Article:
Tuesday, January 26, 2021

Poem for Tuesday and Snowy Evening

Maine Yet Miami
By Richard Blanco

The soft harp of snowfall plucking through
my pine trees lulls me to peace, yet I still
hear the bongo of thunderstorms rapping
the rooftop of my queer childhood, dancing
to the clouds’ rage, raining away my sorrows.
Though snow melts silently into the gurgles
of my creek, my grandmother’s voice remains
frozen in my ears, still calling me a sissy, yet
praising me as her best friend. Even though
I marvel over spring’s abracadabra each time
my lilac blooms appear, I still disappear back
into the magic of summer nights on the porch,
the moon lighting up my grandfather’s stories
about his lost Cuba, his words carried away
with the smoke of his <i>tabaco</i> and the scent
of his jasmine tree flowering the night with
its tiny, perfumed stars. Despite the daystars
peeking behind the lavender clouds swaddling
mountain peaks in my window at sunset, I still
rise to the sun of my youth over the sea, after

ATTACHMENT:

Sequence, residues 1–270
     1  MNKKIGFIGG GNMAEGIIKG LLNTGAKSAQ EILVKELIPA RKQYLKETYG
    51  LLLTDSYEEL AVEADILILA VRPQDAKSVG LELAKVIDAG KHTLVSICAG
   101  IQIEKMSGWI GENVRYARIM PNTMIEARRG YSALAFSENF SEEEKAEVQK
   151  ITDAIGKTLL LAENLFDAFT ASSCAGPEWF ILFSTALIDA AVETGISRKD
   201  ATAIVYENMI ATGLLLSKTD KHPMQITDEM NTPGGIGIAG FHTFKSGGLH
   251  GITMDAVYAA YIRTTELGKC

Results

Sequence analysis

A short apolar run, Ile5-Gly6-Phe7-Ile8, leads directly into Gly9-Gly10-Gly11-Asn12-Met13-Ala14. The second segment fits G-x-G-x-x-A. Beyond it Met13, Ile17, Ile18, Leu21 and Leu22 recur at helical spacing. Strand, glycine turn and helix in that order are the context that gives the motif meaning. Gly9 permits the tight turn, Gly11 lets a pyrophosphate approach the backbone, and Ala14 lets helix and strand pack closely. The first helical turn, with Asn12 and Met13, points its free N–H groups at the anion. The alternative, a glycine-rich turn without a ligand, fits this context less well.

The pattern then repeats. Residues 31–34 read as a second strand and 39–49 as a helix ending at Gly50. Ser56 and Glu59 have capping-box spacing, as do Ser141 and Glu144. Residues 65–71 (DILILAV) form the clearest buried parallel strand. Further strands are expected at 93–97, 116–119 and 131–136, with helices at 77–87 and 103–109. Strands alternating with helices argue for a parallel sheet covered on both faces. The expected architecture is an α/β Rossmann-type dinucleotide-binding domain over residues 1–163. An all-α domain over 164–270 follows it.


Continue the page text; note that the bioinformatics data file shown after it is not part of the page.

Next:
a night’s sleep on a bed of sand, dreaming or
dreading who I would, or wouldn’t become.
Though I grew courageous enough to marry
a man who can only love me in his English:
<i>darling, sweetheart, honey</i>, I love him back
more in my Spanish whispered in his ears as
he sleeps: <i>amorcito, tesoro, ceilo</i>. After all
the meatloafs and apple pies we’ve baked
in our kitchen, I still sit down to the memory
of my mother’s table, savoring the loss of her
onion-smothered <i>vaca frita</i> and creamy <i>flan</i>.
No matter how tastefully my throw pillows
perfectly match my chic rugs and the stylish
art on my walls, it all falls apart sometimes,
just as I do, until I remember to be the boy
I was, always should be, playing alone with
his Legos in the family room, still enchanted
by the joy of his sheer self and his creations:
perfect or not, beautiful or not, immortal or
as mortal as the plentiful life I’ve made here,
although I keep living with my father dying
in our old house, his head cradled in my hand
for a sip of tea and a kiss on his forehead—